- The EV revolution will be built in California…well, partially. German conglomerate, Bosch, purchased Roseville’s TSI Semiconductors and will “retool” the facility to make silicon carbide chips. This is big news for the region which will get a piece of the pie as California and the world works to transition to EVs. Bosch will invest $1.5 billion into converting the factory so it suits their needs, and the company projects it will be up and running at the Roseville plant in 2026. Vice President Harris even commented on the purchase and investment saying, “This $1.5 billion investment will bring down costs, strengthen our electric vehicle supply chain, help rebuild American manufacturing and create economic opportunity for the working families of California.” Cool, more of this. - The Sacramento Bee
🌊 Only in California
A very special visitor graced the coast of Los Angeles: A white orca named Frosty! White-ish in pigmentation, scientists suspect the orca has a rare autoimmune disorder that gives it a special hue. Watch this enchanting video on Instagram of the entire pod, captured by @jayxlamar.
This week we’re talking to Pat Fong Kushida, President and CEO of the Sacramento Asian Pacific Chamber of Commerce and the California Asian Pacific Chamber of Commerce. She also serves on the board of the NCC. Pat is an entrepreneur who is set on helping businesses succeed in California.
1. What’s one thing you love about California?
What I love about California is our ability to innovate and create. We’re the 4th largest economy in the world. What we have here is a lot of very talented people who are creating and innovating. The work of the NCC is so important because a lot of firsts happen here in California, which reverberates and creates domestic and global opportunities but we run the risk of not setting the right policy framework and that’s going to start inhibiting that sort of innovation- thinking.
2. What advice do you have for someone who wants to start a business in California but they’re worried about being able to succeed?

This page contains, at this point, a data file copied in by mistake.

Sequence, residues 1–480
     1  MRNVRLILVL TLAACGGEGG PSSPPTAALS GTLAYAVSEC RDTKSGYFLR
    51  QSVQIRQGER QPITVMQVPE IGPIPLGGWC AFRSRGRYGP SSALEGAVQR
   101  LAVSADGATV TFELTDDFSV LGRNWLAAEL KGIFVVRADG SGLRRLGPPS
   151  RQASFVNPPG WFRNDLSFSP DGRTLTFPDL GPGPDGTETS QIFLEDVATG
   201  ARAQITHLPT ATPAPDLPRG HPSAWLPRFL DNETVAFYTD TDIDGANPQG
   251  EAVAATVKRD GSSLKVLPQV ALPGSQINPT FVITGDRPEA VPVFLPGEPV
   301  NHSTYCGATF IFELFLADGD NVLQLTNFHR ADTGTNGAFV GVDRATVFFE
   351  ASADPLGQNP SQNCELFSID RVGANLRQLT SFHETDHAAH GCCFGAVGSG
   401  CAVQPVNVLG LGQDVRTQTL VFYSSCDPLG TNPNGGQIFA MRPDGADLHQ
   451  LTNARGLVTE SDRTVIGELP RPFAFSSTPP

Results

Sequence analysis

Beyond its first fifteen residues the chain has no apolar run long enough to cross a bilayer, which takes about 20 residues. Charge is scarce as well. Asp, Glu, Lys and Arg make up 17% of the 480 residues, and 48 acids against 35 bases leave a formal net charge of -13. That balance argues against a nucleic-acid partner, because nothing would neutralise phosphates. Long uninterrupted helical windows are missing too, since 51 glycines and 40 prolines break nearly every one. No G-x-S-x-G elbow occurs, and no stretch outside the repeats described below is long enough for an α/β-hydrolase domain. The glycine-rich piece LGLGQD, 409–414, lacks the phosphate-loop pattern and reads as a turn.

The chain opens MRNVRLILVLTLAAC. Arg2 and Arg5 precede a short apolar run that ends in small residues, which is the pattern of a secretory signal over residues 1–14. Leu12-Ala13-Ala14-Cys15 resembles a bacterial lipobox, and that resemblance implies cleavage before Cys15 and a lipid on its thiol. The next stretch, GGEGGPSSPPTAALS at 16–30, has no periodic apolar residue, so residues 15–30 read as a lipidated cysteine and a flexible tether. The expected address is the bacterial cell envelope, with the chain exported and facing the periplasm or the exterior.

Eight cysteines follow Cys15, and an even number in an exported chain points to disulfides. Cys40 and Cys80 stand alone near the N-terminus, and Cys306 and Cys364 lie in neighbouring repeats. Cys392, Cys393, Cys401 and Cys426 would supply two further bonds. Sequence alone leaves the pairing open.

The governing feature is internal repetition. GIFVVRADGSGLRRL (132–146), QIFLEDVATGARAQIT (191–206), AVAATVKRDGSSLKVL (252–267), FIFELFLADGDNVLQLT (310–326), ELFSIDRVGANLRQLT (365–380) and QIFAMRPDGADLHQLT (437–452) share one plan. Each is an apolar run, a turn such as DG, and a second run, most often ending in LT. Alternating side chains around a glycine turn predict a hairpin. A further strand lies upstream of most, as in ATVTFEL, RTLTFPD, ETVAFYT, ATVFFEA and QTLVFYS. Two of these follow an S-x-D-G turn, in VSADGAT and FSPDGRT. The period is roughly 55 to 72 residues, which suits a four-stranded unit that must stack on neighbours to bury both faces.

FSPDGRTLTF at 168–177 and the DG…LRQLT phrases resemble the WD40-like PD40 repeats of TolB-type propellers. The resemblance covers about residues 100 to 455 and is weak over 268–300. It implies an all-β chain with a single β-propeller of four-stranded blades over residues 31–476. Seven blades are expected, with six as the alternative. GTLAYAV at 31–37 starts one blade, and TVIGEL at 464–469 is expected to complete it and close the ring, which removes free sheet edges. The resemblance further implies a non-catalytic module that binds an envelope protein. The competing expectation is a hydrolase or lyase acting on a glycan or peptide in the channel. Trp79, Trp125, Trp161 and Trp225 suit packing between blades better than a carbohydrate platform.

I hear over and over again how difficult our regulatory environment is for business. I believe the role that we can all play is holding our policymakers and elected officials accountable for the kind of policies that impact those trying to start, to retain and grow their businesses. I think policymakers have taken our business community for granted because we have created so many new businesses and new technologies. Just under 90% of our economy is run on the backs of small businesses. If we truly believe that these businesses are important and essential to the fabric of our economy, we must develop policies to help these businesses retain and grow.
3. Are you optimistic about California’s future and why?
We have some very talented people who are creating and innovating in our state. What happens here reverberates and creates domestic and global opportunities for everyone. I'm optimistic that California will continue to be the benchmark for the world. But we need to think about how to do that even better and be more intentional with a policy framework that doesn’t inhibit growth and innovation.
💡 Speaking out for CEQA modernization
We are planting our flag and calling for CEQA modernization – this year. “Future of California at risk the longer landmark CEQA environmental law remains unchanged” is the latest piece from NCC co-leaders, Tracy Hernandez and Jim Wunderman. If we want to reach our goals of building 2.5 million homes and updating our water infrastructure, California must reform and modernize CEQA.
🦃 Post for thought
Sierra Club using CEQA to stop a solar farm. After three rounds of lawsuits, the final project is less than a third of the planned size. How is cutting renewable energy good for the environment? It’s not. That’s the hypocrisy of CEQA.